This neighborhood is keeping pace with climate change

Posted by Susan DeFreitas, EarthTechling

All over, it seems, architects are thinking about how to plan for the realities of climate change.



Some designers have risen to that challenge by imagining how conventional forms of architecture might become more adaptive and resilient in the face of high water, as in the Skygrove high-rise concept design by HWKN Architects of New York. 

Other architects, such as those at the Dutch firm Waterstudio.

This neighborhood is keeping pace with climate change

NL, have embraced the Netherlands’ long history of building barriers to hold back rising water for development in recent years by turning their attention to buildings that float, particularly in the nearly sea-level island nation of The Maldives.

But rising sea levels aren’t the only threats posed by climate change. ArchDaily reports that the Copenhagen-based architecture firm Tredje Natur recently presented plans to develop Saint Kjeld’s Quarter into Copenhagen’s greenest (and most resilient) neighborhood by planning for extreme weather events.



This comprehensive urban development project is a case-study in planning for rain — lots of it. In this plan, rainwater is managed in the city’s streets in a more natural and effective way via wide range of pragmatic strategies. A key feature here: 20 percent of the neighborhood’s surface area devoted to streets will be reclaimed, creating more green spaces.

This neighborhood design is based on climate modeling that predicts fewer but heavier rain showers for Copenhagen — a phenomenon the city has already observed order the last two summers. Technical and Environmental Mayor of Copenhagen, Ayfer Baykal noted, "The increase in rainfall is a major challenge for our city. But by tackling the challenge the right way, we can secure the city from cloudbursts while also bringing the city new recreational values. The ideas in Saint Kjeld’s Neighborhood are a really good example of this."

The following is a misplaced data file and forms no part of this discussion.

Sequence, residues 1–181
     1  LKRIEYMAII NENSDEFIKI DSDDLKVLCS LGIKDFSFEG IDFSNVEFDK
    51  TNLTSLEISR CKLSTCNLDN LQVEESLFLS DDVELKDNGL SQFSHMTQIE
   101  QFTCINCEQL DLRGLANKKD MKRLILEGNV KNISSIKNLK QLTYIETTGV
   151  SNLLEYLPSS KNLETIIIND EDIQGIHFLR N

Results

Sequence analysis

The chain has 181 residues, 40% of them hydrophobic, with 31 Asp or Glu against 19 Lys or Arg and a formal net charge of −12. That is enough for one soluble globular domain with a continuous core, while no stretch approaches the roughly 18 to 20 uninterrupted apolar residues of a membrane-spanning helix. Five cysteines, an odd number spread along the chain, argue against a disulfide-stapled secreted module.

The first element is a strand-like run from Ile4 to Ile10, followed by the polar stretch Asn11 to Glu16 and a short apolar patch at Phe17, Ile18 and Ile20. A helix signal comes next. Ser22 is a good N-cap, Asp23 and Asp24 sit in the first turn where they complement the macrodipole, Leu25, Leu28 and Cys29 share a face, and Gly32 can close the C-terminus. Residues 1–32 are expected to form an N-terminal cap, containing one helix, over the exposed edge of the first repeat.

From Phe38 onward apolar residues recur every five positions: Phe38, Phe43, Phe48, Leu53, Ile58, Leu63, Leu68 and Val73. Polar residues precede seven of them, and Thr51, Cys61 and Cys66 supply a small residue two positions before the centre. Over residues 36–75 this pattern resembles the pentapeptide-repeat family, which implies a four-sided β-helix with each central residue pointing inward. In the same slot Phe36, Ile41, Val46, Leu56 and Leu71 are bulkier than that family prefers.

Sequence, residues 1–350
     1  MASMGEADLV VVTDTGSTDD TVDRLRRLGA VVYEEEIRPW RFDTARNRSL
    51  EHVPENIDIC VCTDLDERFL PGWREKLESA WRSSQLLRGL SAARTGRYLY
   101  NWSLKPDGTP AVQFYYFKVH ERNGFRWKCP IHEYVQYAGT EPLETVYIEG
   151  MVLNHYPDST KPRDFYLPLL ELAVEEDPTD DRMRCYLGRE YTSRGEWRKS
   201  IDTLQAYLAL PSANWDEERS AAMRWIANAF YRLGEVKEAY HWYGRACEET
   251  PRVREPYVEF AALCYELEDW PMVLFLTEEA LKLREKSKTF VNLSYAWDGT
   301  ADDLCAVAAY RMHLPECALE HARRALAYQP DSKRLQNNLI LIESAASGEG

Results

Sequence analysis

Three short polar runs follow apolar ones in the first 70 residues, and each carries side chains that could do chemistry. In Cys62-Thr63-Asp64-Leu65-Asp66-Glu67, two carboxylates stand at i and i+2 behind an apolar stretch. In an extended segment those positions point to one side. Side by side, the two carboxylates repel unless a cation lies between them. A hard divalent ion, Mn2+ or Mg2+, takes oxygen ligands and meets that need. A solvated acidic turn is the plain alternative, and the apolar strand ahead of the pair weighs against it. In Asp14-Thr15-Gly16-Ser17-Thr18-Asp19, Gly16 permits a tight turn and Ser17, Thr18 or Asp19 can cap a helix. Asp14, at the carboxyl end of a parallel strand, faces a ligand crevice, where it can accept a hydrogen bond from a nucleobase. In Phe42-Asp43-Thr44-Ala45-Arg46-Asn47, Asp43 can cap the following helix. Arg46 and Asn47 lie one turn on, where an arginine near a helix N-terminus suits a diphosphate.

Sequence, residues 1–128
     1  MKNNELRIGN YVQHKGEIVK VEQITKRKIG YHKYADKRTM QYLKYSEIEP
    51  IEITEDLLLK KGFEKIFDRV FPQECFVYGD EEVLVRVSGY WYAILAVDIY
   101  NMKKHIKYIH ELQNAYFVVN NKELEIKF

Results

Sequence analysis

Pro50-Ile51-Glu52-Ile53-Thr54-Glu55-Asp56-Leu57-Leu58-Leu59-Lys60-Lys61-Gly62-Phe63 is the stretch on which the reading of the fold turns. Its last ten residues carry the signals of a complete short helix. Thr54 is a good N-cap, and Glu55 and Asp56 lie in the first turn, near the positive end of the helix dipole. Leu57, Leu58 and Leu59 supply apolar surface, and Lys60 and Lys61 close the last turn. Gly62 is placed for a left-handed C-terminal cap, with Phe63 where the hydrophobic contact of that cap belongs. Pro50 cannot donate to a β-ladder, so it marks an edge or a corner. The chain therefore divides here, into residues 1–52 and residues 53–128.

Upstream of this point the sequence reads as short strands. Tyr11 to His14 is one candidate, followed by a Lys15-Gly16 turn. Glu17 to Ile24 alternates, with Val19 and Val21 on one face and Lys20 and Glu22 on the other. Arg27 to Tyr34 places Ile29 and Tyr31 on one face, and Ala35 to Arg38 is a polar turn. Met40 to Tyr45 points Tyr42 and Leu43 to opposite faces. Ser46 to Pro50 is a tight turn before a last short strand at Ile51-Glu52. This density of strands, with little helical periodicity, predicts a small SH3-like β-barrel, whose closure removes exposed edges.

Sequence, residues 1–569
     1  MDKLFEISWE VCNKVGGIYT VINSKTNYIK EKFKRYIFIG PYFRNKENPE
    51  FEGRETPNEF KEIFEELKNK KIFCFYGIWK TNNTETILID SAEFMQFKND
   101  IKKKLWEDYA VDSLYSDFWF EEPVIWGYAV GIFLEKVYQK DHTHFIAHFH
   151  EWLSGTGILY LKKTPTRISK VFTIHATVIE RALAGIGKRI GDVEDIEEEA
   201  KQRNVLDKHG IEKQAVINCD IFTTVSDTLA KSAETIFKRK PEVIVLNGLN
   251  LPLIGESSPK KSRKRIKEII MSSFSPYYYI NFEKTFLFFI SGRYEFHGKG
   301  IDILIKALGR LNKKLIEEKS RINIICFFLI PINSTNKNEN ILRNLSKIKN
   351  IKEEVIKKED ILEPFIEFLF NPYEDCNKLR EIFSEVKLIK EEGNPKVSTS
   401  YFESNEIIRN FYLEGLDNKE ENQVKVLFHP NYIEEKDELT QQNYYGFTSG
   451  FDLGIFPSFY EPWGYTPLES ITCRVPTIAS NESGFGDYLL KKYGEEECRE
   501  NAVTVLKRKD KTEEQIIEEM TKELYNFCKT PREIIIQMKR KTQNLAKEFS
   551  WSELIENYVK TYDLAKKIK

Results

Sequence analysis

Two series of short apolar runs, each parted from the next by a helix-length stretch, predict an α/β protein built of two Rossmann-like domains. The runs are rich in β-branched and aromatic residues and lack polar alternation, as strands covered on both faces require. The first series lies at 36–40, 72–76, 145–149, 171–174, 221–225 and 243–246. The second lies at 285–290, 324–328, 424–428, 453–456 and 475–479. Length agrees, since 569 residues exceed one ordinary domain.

Interested in what those “new recreational values” might consist of? For one, a gigantic floating ring in a public park that uses stored rainwater to spray a cooling mist on hot summer days. This ring not only nurtures hundreds of native plant species on a hilly terrain (slowing the flow of storm water over the site), it invites kids and adults alike to stay and play.

Bicycle paths act as storm water channels. Water towers store rainwater. Green roofs and urban gardens encourage the rain dumped during those big storm events to stick around a while before running off into vegetated canals leading from the neighborhood and out into the harbor. 

In the process, the neighborhood becomes greener, giving rise to greater biological diversity in the city. By learning how to channel the deluge, so to speak, this neighborhood design rises to the challenge of changing weather patterns while enhancing quality of life for local residents.

The ideas contained in this neighborhood design are just some of the ideas in the works, as Copenhagen plans to transform this densely populated neighborhood into a showcase area for climate adaptation technology. The hope is that it will become a showcase for how to insure cities against the negative consequences of climate change while also significantly improving urban spaces.

* Susan DeFreitas, EarthTechling